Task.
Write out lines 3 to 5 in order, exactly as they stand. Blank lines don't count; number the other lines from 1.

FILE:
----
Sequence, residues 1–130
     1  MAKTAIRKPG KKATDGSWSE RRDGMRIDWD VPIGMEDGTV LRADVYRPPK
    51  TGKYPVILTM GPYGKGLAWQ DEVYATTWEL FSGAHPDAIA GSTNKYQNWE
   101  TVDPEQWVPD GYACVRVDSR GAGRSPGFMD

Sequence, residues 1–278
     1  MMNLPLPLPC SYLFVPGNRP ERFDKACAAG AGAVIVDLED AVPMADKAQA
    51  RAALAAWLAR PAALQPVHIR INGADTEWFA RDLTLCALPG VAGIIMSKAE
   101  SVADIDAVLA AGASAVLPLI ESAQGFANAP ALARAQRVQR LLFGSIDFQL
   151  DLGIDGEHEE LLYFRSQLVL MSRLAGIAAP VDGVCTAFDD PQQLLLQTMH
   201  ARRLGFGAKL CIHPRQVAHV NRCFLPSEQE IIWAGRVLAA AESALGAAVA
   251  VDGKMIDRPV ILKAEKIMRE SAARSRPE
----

    51  TGKYPVILTM GPYGKGLAWQ DEVYATTWEL FSGAHPDAIA GSTNKYQNWE
   101  TVDPEQWVPD GYACVRVDSR GAGRSPGFMD

Sequence, residues 1–278